Message Board Thread - "Electric motors & pumps"

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Electric motors & pumps Wernher 2/6/2004
I need any information on IR applicable to electric motors and pumps. Does the size of the motor influance running temperature? Do load on the motor make a difference to running temperature and if so how? Bearing temperatures in working conditions? How does the material pumped influance working temperatures?

I am doing 2 weekly inspections on 200kw electric motors turning slurry pumps via belts. The motor is mounted on top of the pumps with a pully on the drive end. Gold slurry is being pumped 24 hours per day.

Any information welcome.
Thank you.

Re:Electric motors & pumps walterdaniel 2/6/2004
If I were you I'd do the inspection with an electrical engineer next to you.
My email is, if you are alone with this.

Re:Electric motors & pumps jdemonte 2/7/2004

A simple answer to your questions is "YES". Environmental conditions, size, load, and process being pumped all affect the operating temperatures of the rotating equipment. Your best bet is to baseline a component that is running well (to the best of your knowledge) or a new component that has just been installed. Note everything including air temperature, % load, temperature of the gold, air movement (wind or ventilation), etc. This will be important to know since trending is always difficult when the temperatures go up or down and you need to know why.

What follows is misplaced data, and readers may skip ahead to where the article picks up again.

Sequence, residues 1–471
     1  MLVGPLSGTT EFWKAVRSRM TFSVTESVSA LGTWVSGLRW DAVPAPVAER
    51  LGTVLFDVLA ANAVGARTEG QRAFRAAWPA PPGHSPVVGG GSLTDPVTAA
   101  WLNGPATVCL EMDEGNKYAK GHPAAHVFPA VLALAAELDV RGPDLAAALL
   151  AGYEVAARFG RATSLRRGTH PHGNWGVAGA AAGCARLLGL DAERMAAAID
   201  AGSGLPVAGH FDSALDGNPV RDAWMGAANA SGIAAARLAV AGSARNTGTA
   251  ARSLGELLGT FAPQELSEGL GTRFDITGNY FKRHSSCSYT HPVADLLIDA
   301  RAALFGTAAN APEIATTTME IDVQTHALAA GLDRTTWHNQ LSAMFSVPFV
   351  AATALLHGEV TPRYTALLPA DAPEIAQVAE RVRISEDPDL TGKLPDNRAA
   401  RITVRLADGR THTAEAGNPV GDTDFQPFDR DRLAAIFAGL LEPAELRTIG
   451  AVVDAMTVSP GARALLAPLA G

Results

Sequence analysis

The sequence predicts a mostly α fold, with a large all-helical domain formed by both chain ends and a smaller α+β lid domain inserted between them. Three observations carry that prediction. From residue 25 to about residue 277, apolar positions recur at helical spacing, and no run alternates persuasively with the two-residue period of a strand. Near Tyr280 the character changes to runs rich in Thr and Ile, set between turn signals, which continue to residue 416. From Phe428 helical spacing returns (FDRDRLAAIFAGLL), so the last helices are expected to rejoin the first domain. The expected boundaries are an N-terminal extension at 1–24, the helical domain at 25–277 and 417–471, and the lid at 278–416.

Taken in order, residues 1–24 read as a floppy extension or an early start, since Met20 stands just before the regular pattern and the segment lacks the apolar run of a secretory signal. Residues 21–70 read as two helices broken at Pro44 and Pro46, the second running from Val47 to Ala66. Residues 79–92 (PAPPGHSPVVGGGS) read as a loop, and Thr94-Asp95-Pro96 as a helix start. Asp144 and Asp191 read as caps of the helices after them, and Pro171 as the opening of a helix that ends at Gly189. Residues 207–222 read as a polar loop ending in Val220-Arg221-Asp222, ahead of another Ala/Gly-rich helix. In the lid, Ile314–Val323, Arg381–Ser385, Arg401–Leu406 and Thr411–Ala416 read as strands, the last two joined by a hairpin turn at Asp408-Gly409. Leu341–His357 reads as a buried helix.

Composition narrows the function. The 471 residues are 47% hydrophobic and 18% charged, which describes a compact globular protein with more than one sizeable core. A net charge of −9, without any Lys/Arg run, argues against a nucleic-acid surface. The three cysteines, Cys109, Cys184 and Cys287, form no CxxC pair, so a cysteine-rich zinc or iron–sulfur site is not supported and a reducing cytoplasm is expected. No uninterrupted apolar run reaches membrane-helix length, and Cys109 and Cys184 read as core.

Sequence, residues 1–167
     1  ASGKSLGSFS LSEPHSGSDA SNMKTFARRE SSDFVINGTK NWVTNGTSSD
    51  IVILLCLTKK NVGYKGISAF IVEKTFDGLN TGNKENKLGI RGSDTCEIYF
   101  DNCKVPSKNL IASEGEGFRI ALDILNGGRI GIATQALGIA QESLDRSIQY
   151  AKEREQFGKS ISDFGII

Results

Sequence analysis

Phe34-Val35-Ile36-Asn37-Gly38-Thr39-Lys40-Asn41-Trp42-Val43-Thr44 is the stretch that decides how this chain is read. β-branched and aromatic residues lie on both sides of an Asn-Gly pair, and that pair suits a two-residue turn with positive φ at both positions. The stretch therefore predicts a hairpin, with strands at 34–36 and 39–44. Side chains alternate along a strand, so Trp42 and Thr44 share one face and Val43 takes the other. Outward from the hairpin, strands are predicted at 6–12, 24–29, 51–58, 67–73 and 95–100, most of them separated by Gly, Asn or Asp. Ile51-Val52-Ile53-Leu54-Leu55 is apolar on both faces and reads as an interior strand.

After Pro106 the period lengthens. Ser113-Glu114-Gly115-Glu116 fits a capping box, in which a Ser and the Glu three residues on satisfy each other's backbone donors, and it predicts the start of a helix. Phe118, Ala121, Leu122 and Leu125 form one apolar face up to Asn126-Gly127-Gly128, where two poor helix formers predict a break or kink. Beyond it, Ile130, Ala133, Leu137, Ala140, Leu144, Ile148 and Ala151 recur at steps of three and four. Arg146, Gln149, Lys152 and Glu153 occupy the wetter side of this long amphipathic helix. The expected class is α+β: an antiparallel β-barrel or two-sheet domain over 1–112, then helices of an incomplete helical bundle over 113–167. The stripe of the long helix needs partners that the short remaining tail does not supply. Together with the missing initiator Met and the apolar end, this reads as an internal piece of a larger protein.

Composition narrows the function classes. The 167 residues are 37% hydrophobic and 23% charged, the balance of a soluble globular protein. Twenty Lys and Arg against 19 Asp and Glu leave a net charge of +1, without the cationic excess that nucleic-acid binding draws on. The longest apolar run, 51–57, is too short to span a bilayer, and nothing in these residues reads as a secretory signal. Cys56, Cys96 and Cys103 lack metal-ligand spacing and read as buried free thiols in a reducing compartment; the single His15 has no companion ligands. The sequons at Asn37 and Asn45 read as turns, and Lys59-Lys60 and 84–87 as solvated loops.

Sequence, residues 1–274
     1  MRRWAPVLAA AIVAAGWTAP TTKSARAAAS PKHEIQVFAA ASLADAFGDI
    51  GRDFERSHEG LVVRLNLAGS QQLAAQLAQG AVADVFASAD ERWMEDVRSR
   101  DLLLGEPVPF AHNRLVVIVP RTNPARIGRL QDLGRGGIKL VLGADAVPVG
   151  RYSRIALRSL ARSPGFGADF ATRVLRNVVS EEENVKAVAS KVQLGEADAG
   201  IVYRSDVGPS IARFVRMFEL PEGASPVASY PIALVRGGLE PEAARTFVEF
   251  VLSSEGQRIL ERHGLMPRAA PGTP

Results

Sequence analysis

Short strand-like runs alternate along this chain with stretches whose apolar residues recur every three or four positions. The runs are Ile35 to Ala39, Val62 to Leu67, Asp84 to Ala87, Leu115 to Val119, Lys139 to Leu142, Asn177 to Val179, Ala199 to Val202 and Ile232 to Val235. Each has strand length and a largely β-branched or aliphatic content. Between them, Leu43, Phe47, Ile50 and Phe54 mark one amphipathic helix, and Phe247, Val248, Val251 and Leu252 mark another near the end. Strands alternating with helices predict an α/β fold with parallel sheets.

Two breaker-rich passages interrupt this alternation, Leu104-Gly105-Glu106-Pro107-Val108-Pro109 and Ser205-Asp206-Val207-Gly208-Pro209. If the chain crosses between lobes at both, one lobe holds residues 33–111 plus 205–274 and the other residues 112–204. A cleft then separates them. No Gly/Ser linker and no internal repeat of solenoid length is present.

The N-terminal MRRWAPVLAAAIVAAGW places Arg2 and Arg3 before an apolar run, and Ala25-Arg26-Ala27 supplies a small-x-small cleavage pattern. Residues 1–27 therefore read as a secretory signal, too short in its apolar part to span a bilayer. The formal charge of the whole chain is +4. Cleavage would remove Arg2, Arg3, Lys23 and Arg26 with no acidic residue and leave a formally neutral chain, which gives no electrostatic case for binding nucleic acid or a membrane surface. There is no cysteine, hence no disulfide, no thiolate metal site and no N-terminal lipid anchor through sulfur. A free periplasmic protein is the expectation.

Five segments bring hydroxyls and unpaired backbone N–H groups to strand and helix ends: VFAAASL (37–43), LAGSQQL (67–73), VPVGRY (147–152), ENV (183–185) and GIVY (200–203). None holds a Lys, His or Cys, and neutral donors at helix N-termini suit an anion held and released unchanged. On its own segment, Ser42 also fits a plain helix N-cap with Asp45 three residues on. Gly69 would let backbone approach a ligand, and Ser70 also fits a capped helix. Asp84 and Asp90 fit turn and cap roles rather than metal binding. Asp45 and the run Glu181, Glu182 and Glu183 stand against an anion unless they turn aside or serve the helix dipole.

I also recommend other predictive (or condition based if you will) technologies for rotating equipment. Vibration analysis and ultrasound along with oil analysis can help you discover the EXACT operating condition. It's excellent to find a component or bearing housing that is running too hot, but then you have to ask yourself "why is it too hot?" The other technologies can combine to figure that out.

If you need more info, contact me at
Re:Electric motors & pumps oj 3/5/2004
One major thing to watch for with a sheave or pulley driven piece of equipment is heating of the shaft from misaligned sheaves or belt tension that is too tight.

Another area to watch and compare is the changes in the heating of the motor. Joe had an excellent Mechanical Application short class at Inframation 2004 on this.

If you would like to discuss this more please drop me a line
Re:Electric motors & pumps thermoimagen 3/16/2004
i found this threads that talks about the motor:


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